Using a Generic Host and Client for UDP WS-Discovery
If the client and host cannot see each other on the network, then a generic host and client can be substituted for the custom host and client to help troubleshoot the issue. If the device address does not appear in the WSD Debug Client output, then the network environment is probably causing the failure. For more information about the generic host and client, see Debugging Tools.
If either the host or client is an application running on a PC, the generic host or client should be run in the same security context as the actual host or client. For example, if the actual host or client runs as Administrator, then the generic host or client must run as Administrator. Also, if either the host or client is a standalone device, it should be completely replaced by a PC running a generic host or client.
To using a generic host and client to troubleshoot UDP WS-Discovery
Open a command prompt window.
Run the following command: WSDDebug_host.exe /mode metadata /start
A Windows Security Alert dialog box may appear. If so, click Unblock to allow the WSD Debug Host to run.
This command generates output similar to the following. Make a note of the device ID.
WSDAPI Debug Host Copyright (C) Microsoft Corporation 2007. All rights reserved. Device ID is urn:uuid:37f86d35-e6ac-4241-964f-1d9ae46fb366 Host metadata>
Run the following command: WSDDebug_client.exe /mode metadata /hello off /resolve
. Replace with the device ID identified in step 2.
A Windows Security Alert dialog box may appear. If so, click Unblock to allow the WSD Debug Client to run.
WSD Debug Client generates output similar to the following.
WSDAPI Debug Client Copyright (C) Microsoft Corporation 2007. All rights reserved. Client ID is urn:uuid:0f571af7-6b0e-4daf-8054-f2233ac27910 Hello mode is disabled Client metadata> ***************************************************************************** Add at 02/28/07 15:16:51 + EPR: + Address: urn:uuid:37f86d35-e6ac-4241-964f-1d9ae46fb366 + Types: (wsdp) https://schemas.xmlsoap.org/ws/2006/02/devprof:Device + XAddrs: https://[::1]:5357/37f86d35-e6ac-4241-964f-1d9ae46fb366 + Metadata version: 2 + Instance ID: 1 + Probe/Resolve tag: WSDAPI debug_client + Remote transport address: [::1]:3702 + Local transport address: ::1 + Local interface GUID: 42133cd4-6a70-11db-bbc9-806e6f6e6963 Client metadata>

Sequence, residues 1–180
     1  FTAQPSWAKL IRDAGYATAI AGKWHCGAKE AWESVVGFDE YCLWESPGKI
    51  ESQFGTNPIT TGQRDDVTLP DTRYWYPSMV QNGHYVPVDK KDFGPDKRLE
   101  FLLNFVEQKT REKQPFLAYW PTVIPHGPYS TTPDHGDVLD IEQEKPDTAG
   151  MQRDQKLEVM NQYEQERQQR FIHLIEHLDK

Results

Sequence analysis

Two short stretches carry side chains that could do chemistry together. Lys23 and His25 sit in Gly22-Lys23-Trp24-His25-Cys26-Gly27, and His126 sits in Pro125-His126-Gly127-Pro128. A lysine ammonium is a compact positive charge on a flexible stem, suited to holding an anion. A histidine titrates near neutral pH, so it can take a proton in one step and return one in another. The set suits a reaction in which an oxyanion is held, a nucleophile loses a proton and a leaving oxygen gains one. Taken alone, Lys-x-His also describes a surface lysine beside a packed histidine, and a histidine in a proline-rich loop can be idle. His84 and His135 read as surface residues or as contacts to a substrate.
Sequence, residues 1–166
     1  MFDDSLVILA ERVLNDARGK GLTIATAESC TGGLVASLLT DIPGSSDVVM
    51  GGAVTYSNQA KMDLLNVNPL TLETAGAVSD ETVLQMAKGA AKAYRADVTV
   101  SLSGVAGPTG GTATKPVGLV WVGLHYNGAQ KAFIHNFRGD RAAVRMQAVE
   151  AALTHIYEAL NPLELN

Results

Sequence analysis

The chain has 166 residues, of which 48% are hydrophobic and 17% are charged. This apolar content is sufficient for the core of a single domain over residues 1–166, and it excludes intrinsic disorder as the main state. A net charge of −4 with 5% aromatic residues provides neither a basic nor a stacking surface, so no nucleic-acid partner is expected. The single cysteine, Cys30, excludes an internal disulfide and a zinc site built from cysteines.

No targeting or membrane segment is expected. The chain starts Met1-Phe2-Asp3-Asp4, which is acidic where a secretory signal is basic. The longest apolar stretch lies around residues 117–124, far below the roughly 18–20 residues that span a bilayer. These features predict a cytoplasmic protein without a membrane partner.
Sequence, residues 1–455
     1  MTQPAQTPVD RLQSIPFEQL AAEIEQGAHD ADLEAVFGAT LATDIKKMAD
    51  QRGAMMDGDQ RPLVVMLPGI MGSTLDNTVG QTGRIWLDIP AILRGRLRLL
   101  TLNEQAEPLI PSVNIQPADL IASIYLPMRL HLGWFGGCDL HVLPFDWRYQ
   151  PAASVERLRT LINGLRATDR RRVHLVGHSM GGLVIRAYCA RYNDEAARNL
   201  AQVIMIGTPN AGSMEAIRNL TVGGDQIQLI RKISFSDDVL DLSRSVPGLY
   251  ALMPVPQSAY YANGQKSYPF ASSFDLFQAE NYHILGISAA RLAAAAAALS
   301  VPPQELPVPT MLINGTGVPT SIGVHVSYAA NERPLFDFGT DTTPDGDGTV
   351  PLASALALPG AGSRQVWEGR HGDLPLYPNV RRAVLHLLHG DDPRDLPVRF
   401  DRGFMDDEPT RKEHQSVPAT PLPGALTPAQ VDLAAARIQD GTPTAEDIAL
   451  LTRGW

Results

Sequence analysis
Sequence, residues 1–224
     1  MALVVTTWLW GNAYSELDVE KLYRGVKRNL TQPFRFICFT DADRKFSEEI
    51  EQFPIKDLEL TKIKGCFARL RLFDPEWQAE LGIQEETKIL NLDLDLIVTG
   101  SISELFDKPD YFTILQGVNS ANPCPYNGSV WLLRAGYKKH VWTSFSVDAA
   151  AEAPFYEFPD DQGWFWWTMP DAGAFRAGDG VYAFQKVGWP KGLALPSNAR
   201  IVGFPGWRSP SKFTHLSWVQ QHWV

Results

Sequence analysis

The WSD Debug Client may generate a lot of output on a network with many DPWS devices. The output can be redirected to a file for easier analysis. Type log tee
Make a note of the endpoint reference (EPR) address. This EPR address should match the device ID identified in step 2 above. If this is the case, then the application failure is likely not related to the operating system or the network environment. Replace the generic host and client with the custom host and client, and continue troubleshooting by following the procedures in Using WSD Debug Client to Verify Multicast Traffic.
If the device ID does not match the EPR address, then the application failure is probably related to the operating system or the network environment. The failure could have one or more of the following causes:
- The application is running in the wrong security context. Verify that the application is using the correct credentials and that the client and host have sufficient permission to access the network.
- The firewall configuration is wrong. Follow the instructions in Inspecting Adapter and Firewall Settings to verify that the Windows Firewall settings are correct and that there are no other rules dropping the packets. The client and host can also be copied onto a "pristine" machine (one with a default operating system installation that has never been joined to a domain) in order to attempt to reproduce the failure.
- An IPSec policy is blocking the application. Copy the client and host onto a machine not subject to IPSec policies and try to reproduce the failure.